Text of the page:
Released 26th July 2013
Not long after discovering Gadwin Printscreen, I came across FastStone Capture. This is even better and has now become my screen capture utility of choice. Not that there is anything wrong with the Gadwin utility, but FastStone adds a few extras that I find useful. In terms of ease of use, they are pretty much equal. FastStone uses different shortcuts for capturing different areas, while Gadwin uses one shortcut, but has an option to change the area captured. FastStone Capture is now $19.95 Shareware. The previous Freeware version FastStone Capture 5.3 is available from OldVersions.com. FastStone Image Viewer is still Freeware for Home Users.
The capture tab of the settings dialogue offers options for launching FastStone on Windows startup, automatically minimising to the Windows System Tray is the most convenient and the least intrusive.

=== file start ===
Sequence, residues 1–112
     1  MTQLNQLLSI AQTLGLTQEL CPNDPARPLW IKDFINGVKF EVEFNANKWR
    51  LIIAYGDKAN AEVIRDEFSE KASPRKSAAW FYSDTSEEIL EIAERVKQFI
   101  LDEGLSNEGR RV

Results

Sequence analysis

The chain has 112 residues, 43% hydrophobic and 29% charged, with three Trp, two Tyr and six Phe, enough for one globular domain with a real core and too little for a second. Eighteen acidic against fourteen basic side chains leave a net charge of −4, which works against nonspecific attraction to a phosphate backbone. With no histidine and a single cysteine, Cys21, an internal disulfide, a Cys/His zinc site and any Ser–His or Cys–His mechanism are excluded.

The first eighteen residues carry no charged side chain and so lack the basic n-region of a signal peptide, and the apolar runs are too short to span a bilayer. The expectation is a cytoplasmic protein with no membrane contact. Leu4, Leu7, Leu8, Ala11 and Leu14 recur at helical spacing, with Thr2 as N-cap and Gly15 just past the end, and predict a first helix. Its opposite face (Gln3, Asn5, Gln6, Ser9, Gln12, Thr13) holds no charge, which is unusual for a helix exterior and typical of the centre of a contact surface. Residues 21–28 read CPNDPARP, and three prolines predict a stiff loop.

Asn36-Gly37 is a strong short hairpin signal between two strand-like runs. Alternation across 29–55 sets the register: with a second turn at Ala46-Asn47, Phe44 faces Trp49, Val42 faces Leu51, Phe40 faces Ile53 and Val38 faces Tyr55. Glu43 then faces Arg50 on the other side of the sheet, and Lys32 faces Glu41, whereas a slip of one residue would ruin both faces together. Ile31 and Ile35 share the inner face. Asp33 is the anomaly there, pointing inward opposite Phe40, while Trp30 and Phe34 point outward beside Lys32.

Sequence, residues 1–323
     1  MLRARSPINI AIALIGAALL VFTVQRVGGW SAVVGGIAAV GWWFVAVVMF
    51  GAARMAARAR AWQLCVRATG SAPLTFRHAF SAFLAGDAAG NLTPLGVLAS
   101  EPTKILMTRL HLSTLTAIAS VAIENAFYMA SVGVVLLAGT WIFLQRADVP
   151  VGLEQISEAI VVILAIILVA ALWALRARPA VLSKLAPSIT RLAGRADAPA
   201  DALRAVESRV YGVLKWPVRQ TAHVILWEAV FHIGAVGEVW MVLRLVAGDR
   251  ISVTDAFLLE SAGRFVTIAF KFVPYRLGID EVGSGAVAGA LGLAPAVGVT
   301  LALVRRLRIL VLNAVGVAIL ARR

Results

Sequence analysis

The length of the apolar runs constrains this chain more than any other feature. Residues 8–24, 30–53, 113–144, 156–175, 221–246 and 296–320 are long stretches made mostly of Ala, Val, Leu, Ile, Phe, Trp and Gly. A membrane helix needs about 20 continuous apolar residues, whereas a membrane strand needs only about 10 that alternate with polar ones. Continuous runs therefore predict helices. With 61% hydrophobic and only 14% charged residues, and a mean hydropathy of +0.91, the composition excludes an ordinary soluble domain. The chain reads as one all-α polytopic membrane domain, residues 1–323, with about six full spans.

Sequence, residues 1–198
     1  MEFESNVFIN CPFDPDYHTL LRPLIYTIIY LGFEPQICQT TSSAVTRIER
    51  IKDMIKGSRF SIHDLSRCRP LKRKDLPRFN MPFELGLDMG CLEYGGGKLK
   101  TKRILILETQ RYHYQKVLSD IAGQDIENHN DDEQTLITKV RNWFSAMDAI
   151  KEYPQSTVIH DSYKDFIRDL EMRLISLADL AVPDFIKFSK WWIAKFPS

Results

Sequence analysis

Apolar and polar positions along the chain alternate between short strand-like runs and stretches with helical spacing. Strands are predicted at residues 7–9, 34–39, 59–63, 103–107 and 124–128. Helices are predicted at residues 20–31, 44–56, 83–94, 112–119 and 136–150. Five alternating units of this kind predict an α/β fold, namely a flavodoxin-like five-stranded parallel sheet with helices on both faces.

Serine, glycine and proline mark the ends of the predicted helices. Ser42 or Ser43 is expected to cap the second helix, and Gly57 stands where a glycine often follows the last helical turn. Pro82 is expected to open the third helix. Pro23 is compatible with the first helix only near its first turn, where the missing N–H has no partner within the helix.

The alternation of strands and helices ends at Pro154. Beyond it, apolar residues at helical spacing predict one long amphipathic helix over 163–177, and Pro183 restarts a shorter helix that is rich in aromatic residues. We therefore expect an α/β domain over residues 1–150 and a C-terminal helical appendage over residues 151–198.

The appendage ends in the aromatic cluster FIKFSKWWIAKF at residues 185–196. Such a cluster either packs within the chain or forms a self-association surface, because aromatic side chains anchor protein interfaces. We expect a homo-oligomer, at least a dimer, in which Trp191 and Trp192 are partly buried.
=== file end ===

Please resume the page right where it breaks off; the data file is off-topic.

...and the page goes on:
The default hot keys are sensible and not hard to remember. Mostly I use PrintScreen or Alter PrintScreen. F12 will bring up the options dialogue when it is the active application. Here you can change the shortcuts to use any modifier keys with PrintScreen. If you want to capture FastStone’s own dialogues, disable the PrintScreen by pressing the spacebar to set “None” as the shortcut to capture the active window. Then the Windows clipboard contents can be pasted into any graphics application for editing.
The filename pattern can be defined for use when saving multiple captures to file, which can also be automatic without showing the FastStone editor for each screen capture. Filename patterns can be saved too, handy when you wish to resume work on a task you started some time ago. If you write program tutorials you will appreciate these sophisticated file naming options.
Choose the default directory for saving files. Choose a photo-editor for the command to open in an external application. Open the output folder or copy to the Windows clipboard (normally, screen capture does not overwrite the Windows clipboard).